And so, I am lingering in God’s presence, and I am listening to the Spirit. As I have been listening to you, I have seen in your voices the face of God. I have already found myself transformed as I’ve started to hear some of your deepest yearnings for this already powerful World Day of Prayer movement. Your yearnings are now my yearnings. I smile as I write this, thinking of the journey ahead, when we will move from “glory to glory,” our faces shining from the knowledge of God. 
The only thing that is required of us is an openness to the movement of the Spirit. I have been humming a sung prayer that I co-wrote a few years ago with Jorge Lockward. In it, I hear the Spirit’s invitation to me, to you, and to the whole World Day of Prayer movement. 
-​ Katie Reimer,
​Incoming WDPIC Executive Director

Here We Are 

Here we are, 
here we are, 
to be changed.  
Here we are, 
here we are, 
to become.  
Shape us, 
transform us 
​in your Word. 
Words & Music: Katie Reimer & Jorge Lockward © 2018 Katie Reimer and Jorge Lockward
<![CDATA[Welcome the new WDPIC Executive Director]]>Fri, 29 Apr 2022 21:18:23 GMThttp://worlddayofprayer.net/latest-news/welcome-the-new-wdpic-executive-directorPictureKatie Reimer, Incoming WDPIC Executive Director
For years, World Day of Prayer has gathered women, young people, children and communities around the world under its unique appeal of being united in prayer and actions of solidarity for peace and justice. It may be a local group worshipping together or a national wide educational campaign on a particular issue. With the strength rooted in a spirituality of listening, the first Friday of March brings to light this circle of prayer to visibility!

I have had the blessing of serving this international circle of prayer since 2012, when I was welcomed as executive director. I am deeply grateful for the blessings, learning, and growth that this community has given me. Now it is time to continue widening the circle and welcome the new executive director of World Day of Prayer International Committee. I am delighted to have the chance of sharing leadership with Katie Reimer until my term concludes on August 1st.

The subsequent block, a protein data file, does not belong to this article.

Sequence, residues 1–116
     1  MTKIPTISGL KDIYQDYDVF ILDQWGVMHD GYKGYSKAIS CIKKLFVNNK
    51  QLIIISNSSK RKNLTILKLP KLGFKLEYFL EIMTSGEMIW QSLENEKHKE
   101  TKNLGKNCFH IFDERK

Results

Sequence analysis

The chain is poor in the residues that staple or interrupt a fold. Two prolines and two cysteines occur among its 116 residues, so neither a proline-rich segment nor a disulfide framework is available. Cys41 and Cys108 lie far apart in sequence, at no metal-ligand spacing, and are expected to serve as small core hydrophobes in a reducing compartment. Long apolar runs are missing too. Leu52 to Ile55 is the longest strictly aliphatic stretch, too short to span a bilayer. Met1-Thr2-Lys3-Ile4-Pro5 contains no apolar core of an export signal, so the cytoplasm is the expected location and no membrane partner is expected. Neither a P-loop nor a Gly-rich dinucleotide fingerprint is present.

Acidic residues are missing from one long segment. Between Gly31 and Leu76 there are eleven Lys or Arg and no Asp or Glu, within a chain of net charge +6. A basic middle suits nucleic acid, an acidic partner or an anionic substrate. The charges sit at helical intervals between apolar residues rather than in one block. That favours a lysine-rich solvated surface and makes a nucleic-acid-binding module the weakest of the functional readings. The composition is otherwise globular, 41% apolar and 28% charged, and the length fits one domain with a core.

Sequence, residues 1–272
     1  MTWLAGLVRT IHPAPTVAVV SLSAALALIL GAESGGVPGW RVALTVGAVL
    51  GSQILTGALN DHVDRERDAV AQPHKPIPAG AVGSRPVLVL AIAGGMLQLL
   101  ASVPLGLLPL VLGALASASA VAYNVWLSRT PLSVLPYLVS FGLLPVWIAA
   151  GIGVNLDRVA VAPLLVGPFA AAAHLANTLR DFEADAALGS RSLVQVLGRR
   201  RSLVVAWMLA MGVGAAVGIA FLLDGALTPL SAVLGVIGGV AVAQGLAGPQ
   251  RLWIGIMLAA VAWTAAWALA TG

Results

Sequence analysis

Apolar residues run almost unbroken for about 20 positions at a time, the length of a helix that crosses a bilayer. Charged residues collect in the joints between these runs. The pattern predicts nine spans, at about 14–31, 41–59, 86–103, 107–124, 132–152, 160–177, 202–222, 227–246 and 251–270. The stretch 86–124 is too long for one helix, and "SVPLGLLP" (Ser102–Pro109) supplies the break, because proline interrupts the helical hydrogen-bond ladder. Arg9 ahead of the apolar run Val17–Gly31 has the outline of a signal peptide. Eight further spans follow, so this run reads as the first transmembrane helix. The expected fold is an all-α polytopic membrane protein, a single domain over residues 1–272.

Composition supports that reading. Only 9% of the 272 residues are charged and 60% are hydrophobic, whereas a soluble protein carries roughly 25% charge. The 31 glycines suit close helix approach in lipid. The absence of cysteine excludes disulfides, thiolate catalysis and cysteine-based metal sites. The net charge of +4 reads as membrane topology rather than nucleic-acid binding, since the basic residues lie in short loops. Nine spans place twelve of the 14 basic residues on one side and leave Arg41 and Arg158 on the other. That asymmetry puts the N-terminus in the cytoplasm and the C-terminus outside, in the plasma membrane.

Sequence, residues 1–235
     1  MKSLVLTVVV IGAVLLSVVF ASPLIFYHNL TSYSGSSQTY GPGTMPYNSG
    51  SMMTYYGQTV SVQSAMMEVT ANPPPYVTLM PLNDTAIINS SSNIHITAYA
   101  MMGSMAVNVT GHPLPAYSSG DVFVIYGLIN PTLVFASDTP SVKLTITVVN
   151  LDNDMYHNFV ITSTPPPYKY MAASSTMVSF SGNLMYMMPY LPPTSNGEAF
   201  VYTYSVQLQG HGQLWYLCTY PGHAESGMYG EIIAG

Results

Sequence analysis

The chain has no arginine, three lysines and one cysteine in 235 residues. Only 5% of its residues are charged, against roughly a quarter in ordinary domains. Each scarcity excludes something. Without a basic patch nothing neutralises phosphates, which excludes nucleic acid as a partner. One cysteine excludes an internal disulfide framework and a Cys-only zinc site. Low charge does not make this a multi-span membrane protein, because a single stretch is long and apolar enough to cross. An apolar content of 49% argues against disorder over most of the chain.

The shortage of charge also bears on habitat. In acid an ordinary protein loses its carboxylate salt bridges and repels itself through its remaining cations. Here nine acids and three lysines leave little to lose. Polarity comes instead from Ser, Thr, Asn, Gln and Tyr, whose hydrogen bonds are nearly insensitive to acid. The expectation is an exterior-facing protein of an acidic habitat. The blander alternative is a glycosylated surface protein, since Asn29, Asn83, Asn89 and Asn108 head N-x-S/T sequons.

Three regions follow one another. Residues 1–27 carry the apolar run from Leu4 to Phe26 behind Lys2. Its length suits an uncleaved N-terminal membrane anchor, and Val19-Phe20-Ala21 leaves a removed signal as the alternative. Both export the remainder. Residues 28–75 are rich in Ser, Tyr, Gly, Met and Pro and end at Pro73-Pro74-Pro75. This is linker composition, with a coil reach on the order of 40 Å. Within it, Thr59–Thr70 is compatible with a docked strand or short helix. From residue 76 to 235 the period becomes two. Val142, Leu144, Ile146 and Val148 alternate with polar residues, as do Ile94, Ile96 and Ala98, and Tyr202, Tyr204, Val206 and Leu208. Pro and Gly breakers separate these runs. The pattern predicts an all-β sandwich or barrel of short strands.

What has brought Katie Reimer to WDP is her own spiritual practice of “cultivating embodied practices and rituals in community.” For her, “worship and prayer connect us to God most profoundly when we connect deeply to ourselves, our neighbors, and all of creation.” Katie is “deeply moved by WDP’s central commitment to the power of women’s voices and incarnate experiences of God” and recognizes that WDP “has faithfully connected women committed to the way of Jesus across boundaries, creating an expansive ecology that nourishes abundant life. The vision of Informed Prayer and Prayerful Action speaks to the way of Jesus, who prayed from an intimate awareness of the struggles of the world, while also acting from a place of profound connection to the Divine.” (Extracted from Katie’s cover letter)